Meg Hunter

Emergent Literacy Design


Rationale: In order for young readers to become more fluent readers, they need to be able to recognize sounds when spoken as well as relate the spoken letter to print.  This lesson will help children identify /p/, the phoneme represented by P.


Materials:    Primary paper and pencil

                   Poster with "Pam picked pretty purple poppies from the pot."

                   Word List ' pen, paper, hat, pass, grab, yellow, tap

                   Sheet with pictures and words ' fork, cup, dog, spoon, bowl, plate, cat, pit

                   Princess Pigtoria and the Pea by Pamela Duncan Edwards

                   Cards with words - pig, pot, pork, pat, pale



1."We're going to talk about /p/ today. There are certain ways that our mouth moves when we say every word. Today we're going to find out what our mouth is doing when we say /p/. What is your mouth doing when you say /p/?"

2."Do you like popcorn? I love popcorn. It makes a sound when you're making it. What sound does it make? Right, it makes a /p/ sound. Lots of words have the /p/ sound in them, and today we're going to talk about some. We're going to have a secret hand gesture that we're going to make every time we hear the sound /p/. (Model: place thumb and pointer finger together, now quickly open your fingers when you hear the /p/ sound.)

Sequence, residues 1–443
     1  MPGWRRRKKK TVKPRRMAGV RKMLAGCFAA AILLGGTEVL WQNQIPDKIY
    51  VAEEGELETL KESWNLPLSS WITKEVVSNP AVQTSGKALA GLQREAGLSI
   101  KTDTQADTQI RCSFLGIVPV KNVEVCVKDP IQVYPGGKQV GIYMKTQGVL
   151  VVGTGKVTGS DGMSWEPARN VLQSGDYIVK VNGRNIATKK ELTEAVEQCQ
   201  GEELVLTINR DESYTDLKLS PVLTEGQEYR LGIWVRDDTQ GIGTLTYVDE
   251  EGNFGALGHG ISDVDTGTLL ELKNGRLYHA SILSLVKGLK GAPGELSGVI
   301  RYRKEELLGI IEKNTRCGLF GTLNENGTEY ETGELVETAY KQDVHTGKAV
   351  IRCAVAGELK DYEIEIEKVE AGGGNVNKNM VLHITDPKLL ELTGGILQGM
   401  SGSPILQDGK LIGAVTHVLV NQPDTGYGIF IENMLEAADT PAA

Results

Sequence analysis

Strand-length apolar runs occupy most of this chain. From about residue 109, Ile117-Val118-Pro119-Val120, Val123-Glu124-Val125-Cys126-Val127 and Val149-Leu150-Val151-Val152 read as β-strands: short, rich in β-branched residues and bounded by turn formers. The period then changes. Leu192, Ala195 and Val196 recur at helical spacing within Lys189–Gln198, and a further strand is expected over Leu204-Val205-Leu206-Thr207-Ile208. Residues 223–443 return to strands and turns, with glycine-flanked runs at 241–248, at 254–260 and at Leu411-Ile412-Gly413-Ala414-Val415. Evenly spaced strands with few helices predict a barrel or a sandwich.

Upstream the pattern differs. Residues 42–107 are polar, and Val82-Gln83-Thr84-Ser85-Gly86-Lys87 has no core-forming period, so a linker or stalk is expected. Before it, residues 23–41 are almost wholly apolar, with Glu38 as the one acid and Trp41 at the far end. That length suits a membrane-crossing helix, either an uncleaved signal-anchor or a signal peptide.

3."Now, repeat after me, 'Pam picked pretty purple poppies from the pot.' Great! Now let's say it again and stretch out the /p/ sound from the rest of the word. P-p-p-am  p-p-p-icked  p-p-purple  p-p-p-oppies  from the p-p-p-ot. Excellent, now, let's make pop (hand gesture) whenever we hear /p/."

4."Great, now I'm going to show you how we would find the /p/ in jump. We're going to stretch out the /p/. jjjj-uuuu-mpp. I think I heard it, maybe I should slow down even more. jjjj-uuuu-mmmm-ppppp.  Yes, I hear the sound /p/.  Now I'm going to say some words. If you hear the /p/ sound, I want you to make our pop with our hand. Read the words: pen, paper, hat, pass, grab, yellow, tap."

5.Now, we're going to practice writing the letter P, that makes the /p/ sound. Model: First we start at the fence and make a straight line down to the ditch. Pick up you pencil and then make a circle starting at the fence and going down to the sidewalk. Make sure the circle touches the straight line. Excellent, let's finish this line practicing writing

6.This is one of my favorite stories. It's called Princess Pigtoria and the Pea. It's about a princess named Pigtoria. Pigtoria's house has peeling paint, and crumbling plaster. Pigtoria has no money to repair her home. A very handsome prince wants to meet Pigtoria and even may propose. This would end her problems. Do you think Pigtoria will pass the princes expectations? Let's find out. Everytime you hear the /p/ sound, pop your fingers.

7.Show PIG and model how to decide if it is pig or dig: The P tells me to pop my fingers, /f/, so this word is ppp-ig, pig. You try some: POT: pot or tot? PULL: pull or full? PORK: fork or pork? PAT: sat or pat? PALE: pale or male?


Assessment:  After reading, the sheet with pictures and words of pig, pot, pork, pat, pale under the corresponding picture will be passed out. Students will be instructed to circle the picture that has a /p/ in the name of it.



Adams, Marilyn, Jager (1990). Beginning to Read: Thinking and Learning about Print, p.53-55.


Piggy Pancakes, Emily Shumock



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